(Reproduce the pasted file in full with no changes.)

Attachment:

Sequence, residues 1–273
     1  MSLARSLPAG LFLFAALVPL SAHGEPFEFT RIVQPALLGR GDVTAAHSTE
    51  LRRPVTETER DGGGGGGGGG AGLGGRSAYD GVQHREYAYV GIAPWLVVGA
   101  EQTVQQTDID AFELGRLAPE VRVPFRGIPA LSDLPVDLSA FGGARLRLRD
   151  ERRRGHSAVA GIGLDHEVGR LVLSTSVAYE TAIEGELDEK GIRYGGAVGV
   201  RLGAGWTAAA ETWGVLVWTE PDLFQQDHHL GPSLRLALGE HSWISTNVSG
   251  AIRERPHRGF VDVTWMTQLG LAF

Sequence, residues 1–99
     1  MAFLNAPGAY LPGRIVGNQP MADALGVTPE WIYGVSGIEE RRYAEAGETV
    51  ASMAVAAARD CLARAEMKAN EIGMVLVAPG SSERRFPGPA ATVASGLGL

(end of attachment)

Sequence, residues 1–273
     1  MSLARSLPAG LFLFAALVPL SAHGEPFEFT RIVQPALLGR GDVTAAHSTE
    51  LRRPVTETER DGGGGGGGGG AGLGGRSAYD GVQHREYAYV GIAPWLVVGA
   101  EQTVQQTDID AFELGRLAPE VRVPFRGIPA LSDLPVDLSA FGGARLRLRD
   151  ERRRGHSAVA GIGLDHEVGR LVLSTSVAYE TAIEGELDEK GIRYGGAVGV
   201  RLGAGWTAAA ETWGVLVWTE PDLFQQDHHL GPSLRLALGE HSWISTNVSG
   251  AIRERPHRGF VDVTWMTQLG LAF

Sequence, residues 1–99
     1  MAFLNAPGAY LPGRIVGNQP MADALGVTPE WIYGVSGIEE RRYAEAGETV
    51  ASMAVAAARD CLARAEMKAN EIGMVLVAPG SSERRFPGPA ATVASGLGL